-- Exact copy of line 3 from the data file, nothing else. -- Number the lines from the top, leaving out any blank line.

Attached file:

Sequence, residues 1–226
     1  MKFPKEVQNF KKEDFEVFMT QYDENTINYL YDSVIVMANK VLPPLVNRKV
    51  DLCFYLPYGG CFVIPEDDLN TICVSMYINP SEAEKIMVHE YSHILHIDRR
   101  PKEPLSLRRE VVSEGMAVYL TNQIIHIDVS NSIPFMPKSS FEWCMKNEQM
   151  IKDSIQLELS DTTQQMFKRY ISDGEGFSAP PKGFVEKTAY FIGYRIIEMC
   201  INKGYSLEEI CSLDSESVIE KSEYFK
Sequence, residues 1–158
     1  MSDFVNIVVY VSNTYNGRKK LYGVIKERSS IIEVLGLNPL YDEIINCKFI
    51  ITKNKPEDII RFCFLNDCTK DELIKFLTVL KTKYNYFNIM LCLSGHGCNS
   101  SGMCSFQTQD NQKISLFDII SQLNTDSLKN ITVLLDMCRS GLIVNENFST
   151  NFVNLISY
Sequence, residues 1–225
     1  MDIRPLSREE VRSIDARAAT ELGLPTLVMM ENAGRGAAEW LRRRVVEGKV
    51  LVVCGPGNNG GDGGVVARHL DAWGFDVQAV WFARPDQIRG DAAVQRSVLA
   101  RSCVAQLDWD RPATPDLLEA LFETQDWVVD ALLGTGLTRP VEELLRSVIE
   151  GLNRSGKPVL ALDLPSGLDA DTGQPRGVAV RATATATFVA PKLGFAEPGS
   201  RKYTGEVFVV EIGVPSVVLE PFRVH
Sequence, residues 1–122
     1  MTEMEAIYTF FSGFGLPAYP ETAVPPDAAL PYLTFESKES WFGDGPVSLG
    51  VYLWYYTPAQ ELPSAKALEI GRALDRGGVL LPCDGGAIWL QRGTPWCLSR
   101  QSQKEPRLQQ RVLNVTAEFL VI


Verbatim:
    51  DLCFYLPYGG CFVIPEDDLN TICVSMYINP SEAEKIMVHE YSHILHIDRR